I hugged my mother goodbye and climbed into the car with my dad, my tape collection and every decent piece of clothing I owned. When he made the multistate drive back from dropping me off at college, the car would be empty, and the house would, to me, no longer be our family home -- just my parents' house.
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Recently, it ceased to be even that.
A few months ago, my parents handed the keys over to a real estate agent and, for the first time in more than 40 years, were no longer homeowners. They headed southeast from Kentucky to a retirement community near my sister in South Carolina. If all goes as planned, they'll spend the rest of their days in blissful, assisted leisure.
For them, there will be no more fussing over gutter clogs, leaf piles, loose shingles or any of the other burdens of ownership. While their house has weathered the passage of time well -- even gotten more elegant in the absence of two squabbling, headstrong daughters -- my mother has not. My dad will benefit from the on-hand help with her care, and she will be less isolated by her declining health and mobility.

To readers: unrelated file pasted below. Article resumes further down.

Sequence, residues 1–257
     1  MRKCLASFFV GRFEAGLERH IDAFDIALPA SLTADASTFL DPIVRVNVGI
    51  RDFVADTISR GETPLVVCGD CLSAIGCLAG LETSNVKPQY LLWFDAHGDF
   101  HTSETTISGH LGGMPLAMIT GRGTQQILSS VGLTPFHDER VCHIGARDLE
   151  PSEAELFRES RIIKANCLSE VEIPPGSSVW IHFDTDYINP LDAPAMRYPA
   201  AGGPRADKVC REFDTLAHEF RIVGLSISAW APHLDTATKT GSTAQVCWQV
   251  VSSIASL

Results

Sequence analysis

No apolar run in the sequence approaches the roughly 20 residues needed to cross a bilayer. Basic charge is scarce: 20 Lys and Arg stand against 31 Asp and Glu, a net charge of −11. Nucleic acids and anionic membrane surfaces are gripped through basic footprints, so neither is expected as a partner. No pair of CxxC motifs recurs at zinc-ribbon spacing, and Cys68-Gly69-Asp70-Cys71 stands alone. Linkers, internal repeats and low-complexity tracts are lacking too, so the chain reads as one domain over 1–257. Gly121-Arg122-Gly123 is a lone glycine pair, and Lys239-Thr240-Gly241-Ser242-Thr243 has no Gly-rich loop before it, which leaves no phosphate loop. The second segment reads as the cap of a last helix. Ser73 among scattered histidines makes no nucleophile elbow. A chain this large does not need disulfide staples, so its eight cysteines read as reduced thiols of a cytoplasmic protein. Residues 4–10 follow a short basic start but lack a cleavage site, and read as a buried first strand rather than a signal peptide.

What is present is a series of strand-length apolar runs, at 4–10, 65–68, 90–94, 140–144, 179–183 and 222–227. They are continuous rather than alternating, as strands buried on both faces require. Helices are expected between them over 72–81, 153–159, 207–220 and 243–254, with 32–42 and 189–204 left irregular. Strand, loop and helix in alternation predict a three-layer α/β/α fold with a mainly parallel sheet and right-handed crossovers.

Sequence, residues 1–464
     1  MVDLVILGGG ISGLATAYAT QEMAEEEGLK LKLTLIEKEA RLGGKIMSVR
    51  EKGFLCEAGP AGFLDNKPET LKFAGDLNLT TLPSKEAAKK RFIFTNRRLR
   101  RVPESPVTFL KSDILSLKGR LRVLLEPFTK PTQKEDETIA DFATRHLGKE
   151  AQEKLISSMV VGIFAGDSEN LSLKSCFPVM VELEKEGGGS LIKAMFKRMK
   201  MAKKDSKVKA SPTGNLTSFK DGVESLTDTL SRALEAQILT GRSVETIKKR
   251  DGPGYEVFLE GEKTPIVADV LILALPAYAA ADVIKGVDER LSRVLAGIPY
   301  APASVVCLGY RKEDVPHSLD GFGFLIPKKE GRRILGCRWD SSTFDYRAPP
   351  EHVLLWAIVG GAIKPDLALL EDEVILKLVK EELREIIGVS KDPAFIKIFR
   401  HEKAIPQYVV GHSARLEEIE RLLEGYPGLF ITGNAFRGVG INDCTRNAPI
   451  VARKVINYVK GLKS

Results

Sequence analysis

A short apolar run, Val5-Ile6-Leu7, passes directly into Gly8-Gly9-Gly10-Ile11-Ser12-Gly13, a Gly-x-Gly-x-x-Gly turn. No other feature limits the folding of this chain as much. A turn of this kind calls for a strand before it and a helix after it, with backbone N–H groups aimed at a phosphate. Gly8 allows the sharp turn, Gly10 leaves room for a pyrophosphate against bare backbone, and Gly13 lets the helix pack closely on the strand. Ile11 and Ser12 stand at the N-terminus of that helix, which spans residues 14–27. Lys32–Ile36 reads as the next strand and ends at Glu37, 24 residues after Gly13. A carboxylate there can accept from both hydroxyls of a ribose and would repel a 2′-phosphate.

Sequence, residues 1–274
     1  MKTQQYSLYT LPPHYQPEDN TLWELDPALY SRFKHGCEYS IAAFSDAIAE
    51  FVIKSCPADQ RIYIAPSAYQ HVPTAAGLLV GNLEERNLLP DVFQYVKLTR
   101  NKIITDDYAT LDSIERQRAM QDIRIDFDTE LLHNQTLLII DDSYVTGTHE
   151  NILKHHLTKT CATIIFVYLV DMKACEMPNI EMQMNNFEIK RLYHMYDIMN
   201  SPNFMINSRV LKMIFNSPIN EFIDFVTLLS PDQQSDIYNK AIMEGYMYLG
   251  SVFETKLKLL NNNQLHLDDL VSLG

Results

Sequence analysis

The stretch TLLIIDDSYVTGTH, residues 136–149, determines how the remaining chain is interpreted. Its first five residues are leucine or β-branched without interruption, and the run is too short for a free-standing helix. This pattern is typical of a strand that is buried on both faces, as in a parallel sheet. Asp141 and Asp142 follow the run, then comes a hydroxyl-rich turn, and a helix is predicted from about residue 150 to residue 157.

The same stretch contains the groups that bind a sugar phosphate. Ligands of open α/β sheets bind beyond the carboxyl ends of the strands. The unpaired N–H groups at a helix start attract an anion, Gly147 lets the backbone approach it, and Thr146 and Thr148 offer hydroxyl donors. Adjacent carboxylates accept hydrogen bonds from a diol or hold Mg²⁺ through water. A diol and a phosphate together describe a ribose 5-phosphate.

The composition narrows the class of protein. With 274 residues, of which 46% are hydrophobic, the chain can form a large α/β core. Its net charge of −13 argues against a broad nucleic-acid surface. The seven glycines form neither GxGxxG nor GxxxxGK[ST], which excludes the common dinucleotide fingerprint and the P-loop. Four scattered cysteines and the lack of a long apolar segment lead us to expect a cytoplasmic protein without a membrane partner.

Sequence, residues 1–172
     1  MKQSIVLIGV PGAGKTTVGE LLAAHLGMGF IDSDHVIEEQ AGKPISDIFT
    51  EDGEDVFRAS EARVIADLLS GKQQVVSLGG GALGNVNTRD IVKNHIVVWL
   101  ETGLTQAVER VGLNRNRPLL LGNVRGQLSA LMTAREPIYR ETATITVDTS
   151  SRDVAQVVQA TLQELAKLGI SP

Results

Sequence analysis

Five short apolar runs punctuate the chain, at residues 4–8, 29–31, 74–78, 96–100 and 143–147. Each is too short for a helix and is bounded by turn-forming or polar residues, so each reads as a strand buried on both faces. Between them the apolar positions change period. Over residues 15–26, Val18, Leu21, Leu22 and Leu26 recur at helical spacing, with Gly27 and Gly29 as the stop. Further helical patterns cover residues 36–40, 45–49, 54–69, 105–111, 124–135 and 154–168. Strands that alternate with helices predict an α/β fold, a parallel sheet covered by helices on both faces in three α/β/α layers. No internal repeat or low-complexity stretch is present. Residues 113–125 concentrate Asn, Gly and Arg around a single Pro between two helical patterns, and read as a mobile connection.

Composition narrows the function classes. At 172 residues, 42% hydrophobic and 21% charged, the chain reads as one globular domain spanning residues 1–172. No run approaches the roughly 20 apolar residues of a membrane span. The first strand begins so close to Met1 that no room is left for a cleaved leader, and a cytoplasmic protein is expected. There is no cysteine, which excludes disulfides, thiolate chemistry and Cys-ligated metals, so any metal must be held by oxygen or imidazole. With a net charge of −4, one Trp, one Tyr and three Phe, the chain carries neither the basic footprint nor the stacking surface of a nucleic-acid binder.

They feel freed by shedding the house and its baggage. I am thrilled for them -- and yet unexpectedly adrift.
I know how lucky I was to grow up in that solid red brick house: leak-free, clean and warm enough when it needed to be. But I find myself not mourning its loss.
For many people, a childhood home acts as a satellite heart, the warm and beating core of family. They're at their most complete in the center of it, surrounded by loved ones, with the artifacts of an idyllic past intact. A visit home comforts and charges them to face the challenges of the outside world; for me, it always chafed and drained my spirit. This was not the fault of the people inside. I was just wired incompatibly with the place I was raised.
Every room you live in preserves a frozen version of the person you once were, for better or worse.
SOURCE: Kat Kinsman